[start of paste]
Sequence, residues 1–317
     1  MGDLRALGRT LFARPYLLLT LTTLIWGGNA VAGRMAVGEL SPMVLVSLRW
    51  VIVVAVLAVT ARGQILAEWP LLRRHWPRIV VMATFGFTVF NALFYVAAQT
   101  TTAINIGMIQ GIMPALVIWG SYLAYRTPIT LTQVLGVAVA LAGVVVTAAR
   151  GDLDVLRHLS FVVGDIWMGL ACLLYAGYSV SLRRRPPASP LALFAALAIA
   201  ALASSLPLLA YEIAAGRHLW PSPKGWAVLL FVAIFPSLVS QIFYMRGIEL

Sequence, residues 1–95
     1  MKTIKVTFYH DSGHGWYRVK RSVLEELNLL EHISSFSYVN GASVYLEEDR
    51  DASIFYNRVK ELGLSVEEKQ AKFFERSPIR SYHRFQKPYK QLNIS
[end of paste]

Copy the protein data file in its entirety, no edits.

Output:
Sequence, residues 1–317
     1  MGDLRALGRT LFARPYLLLT LTTLIWGGNA VAGRMAVGEL SPMVLVSLRW
    51  VIVVAVLAVT ARGQILAEWP LLRRHWPRIV VMATFGFTVF NALFYVAAQT
   101  TTAINIGMIQ GIMPALVIWG SYLAYRTPIT LTQVLGVAVA LAGVVVTAAR
   151  GDLDVLRHLS FVVGDIWMGL ACLLYAGYSV SLRRRPPASP LALFAALAIA
   201  ALASSLPLLA YEIAAGRHLW PSPKGWAVLL FVAIFPSLVS QIFYMRGIEL

Sequence, residues 1–95
     1  MKTIKVTFYH DSGHGWYRVK RSVLEELNLL EHISSFSYVN GASVYLEEDR
    51  DASIFYNRVK ELGLSVEEKQ AKFFERSPIR SYHRFQKPYK QLNIS